The Football Sexual Abuse Scandal: What We Know So Far
The football sexual abuse scandal is getting worse by the day. Referrals from calls to a dedicated football abuse hotline, supported and funded by the Football Association, more than tripled the number made in the first three days of the Jimmy Savile scandal, the NSPCC has revealed.
More than 860 calls have been made since lines opened on 23rd November.
Speaking to The Guardian, NSPCC chief executive, Peter Wanless, said there had been a “staggering surge” in the amount of people getting in touch.
He said, “The number of high-profile footballers bravely speaking out about their ordeal has rightly caught the attention of the entire country.
“We have had a staggering surge in calls to our football hotline, which reveals the worrying extent of abuse that had been going on within the sport.”
It is clear that the game has been hiding a terrible secret and officials cannot rule out that instances of abuse are not still occurring.
How the abuse story began
On 16th November 2016, footballer Andy Woodward bravely spoke to The Guardian’s Daniel Taylor, about his abuse at the hands of serial paedophile Barry Bennell.
He waived his right to anonymity as he believes there are many others who have also suffered sexual abuse given Bennell’s employment at Crewe Alexandra in the 1980s and 1990s and close association in the past with Stoke City and Manchester City, as well as junior teams in Derbyshire, Staffordshire, Cheshire and Greater Manchester.
Bennell was sentenced to nine years in prison in 1998 after admitting 23 specimen charges of sexual offences against six boys aged nine to 15. Following Mr Woodward’s interview, Bennell collapsed at his home and was taken to hospital.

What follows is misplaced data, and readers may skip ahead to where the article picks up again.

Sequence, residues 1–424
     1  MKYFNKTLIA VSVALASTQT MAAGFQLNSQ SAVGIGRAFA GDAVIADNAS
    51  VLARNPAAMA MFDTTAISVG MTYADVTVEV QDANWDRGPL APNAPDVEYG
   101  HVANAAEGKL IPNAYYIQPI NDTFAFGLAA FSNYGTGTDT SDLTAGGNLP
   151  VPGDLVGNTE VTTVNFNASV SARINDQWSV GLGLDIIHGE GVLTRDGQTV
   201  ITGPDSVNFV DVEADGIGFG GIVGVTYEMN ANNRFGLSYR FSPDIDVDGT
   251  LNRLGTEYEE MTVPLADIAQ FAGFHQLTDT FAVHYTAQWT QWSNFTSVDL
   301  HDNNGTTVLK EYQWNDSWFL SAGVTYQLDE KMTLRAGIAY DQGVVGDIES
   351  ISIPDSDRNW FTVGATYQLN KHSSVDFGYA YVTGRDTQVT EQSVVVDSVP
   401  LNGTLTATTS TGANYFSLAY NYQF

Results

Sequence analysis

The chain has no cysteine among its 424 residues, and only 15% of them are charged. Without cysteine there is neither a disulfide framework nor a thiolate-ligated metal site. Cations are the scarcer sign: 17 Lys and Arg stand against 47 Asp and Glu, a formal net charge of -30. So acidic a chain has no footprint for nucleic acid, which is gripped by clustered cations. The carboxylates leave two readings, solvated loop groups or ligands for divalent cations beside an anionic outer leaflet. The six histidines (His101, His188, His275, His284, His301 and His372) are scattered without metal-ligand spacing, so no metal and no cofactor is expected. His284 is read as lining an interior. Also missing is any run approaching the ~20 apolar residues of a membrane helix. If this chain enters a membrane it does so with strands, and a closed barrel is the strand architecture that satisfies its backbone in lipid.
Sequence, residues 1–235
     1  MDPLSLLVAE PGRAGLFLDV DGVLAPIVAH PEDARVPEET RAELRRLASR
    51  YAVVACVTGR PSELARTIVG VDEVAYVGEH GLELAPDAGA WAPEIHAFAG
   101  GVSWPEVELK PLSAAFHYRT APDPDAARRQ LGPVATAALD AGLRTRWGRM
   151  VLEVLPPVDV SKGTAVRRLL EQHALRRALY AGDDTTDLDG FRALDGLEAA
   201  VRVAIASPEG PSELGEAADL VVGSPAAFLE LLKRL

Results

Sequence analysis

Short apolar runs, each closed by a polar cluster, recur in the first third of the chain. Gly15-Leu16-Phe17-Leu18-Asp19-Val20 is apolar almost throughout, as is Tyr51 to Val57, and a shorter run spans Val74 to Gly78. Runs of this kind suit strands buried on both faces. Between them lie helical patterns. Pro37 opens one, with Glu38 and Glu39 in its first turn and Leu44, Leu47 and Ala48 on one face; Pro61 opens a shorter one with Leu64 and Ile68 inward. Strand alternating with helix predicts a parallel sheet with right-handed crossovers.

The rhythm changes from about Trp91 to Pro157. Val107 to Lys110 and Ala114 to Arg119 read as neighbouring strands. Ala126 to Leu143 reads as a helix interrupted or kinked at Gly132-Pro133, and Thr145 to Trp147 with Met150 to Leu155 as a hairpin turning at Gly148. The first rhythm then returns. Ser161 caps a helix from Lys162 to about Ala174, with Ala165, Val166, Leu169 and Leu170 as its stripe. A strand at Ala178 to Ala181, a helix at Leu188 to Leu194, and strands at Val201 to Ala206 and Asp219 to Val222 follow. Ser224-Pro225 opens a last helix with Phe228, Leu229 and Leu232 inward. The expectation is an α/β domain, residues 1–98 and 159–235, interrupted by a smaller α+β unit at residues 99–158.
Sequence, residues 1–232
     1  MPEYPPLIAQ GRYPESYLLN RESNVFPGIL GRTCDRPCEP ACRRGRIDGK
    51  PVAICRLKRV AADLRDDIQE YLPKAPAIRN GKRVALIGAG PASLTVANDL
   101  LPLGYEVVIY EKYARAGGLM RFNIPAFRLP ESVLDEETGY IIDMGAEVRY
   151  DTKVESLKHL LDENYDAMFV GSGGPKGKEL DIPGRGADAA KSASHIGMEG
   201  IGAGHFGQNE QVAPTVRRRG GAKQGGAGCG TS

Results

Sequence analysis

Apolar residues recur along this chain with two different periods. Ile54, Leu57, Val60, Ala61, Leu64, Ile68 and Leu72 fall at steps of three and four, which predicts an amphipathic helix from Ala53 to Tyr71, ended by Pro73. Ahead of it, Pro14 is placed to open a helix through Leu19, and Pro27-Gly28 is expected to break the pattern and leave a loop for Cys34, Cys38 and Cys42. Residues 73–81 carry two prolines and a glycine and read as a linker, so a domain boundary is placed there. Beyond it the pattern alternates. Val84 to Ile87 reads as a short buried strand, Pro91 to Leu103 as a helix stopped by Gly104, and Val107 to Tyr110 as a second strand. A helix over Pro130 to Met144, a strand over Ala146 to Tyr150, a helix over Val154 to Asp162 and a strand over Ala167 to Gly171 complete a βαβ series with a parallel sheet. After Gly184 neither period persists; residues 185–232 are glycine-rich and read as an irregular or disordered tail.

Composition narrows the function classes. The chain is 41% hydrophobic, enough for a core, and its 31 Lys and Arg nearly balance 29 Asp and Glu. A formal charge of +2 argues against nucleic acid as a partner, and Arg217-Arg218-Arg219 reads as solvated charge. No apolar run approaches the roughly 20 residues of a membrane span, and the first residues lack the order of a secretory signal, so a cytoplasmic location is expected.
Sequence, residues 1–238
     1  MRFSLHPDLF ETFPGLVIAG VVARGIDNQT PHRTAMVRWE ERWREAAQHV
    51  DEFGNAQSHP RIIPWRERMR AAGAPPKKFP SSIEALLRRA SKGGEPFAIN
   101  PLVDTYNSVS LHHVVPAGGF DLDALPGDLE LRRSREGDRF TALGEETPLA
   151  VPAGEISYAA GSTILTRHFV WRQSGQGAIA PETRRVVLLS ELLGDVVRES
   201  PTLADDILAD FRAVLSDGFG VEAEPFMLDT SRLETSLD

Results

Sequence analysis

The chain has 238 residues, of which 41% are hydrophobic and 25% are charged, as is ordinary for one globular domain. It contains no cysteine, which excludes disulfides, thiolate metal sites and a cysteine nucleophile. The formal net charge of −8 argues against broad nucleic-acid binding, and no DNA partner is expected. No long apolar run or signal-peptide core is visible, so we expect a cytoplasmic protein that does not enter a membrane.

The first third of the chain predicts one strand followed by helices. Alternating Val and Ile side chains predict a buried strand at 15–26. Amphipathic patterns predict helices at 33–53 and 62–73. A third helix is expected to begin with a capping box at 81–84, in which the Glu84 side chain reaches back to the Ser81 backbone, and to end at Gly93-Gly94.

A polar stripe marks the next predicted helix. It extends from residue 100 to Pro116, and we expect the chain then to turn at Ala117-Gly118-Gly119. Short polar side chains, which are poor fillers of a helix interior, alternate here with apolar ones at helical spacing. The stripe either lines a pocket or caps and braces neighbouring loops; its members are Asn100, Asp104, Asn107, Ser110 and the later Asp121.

He has also been charged with eight offences of sexual assault against a boy under the age of 14, according to the Crown Prosecution Service.
He is due to appear at South Cheshire magistrates court on 14 December.
Other victims coming forward
More than 20 victims have now come forward, alleging that they have suffered from sexual abuse when playing football as a child. Police have also received more than 250 calls relating to historical abuse allegations in football, meaning the Football Association (FA) could face substantial compensation claims in the future.
It emerged today that the FA is now investigating claims that Chelsea Football Club paid off a former youth player who was about to go public with allegations of child abuse against one of their coaches. The alleged victim is reported to have approached the club approximately three years ago with claims that former chief scout, Eddie Heath, abused him in the 1970s.
Heath, who helped develop a string of top players, including Ray Wilkins, Tommy Langley and Ray Lewington is now deceased.
The Football Association chairman Greg Clarke told The Guardian, “I find it morally repugnant that people would suppress reporting of crimes against children to protect their reputation. If anyone has behaved improperly, they will be held to account and that information will be released. The FA will not be part of any cover-up. If a club has behaved badly, they will be held to account.”
Mr Clarke also appeared to acknowledge that compensation may be payable to victims after admitting the scale of the crisis is unprecedented.
Support and compensation for victims of abuse
If you have been a victim of historical child sex abuse when participating in football or any other sport or activity, we can help you receive justice and compensation.
We will continue to report on this story as developments come to hand.
At IBB, our personal injury and child abuse team, led by Malcolm Underhill, has the expertise and knowledge to advise and represent you if you wish to make a claim following the recent revelations of sexual abuse in football and other sports. To talk about how we might be able to help, please phone us on 0333 123 9099, email us at firstname.lastname@example.org or fill in our contact form. Any discussions you have with us will be in the strictest of confidence and handled with the utmost sensitivity.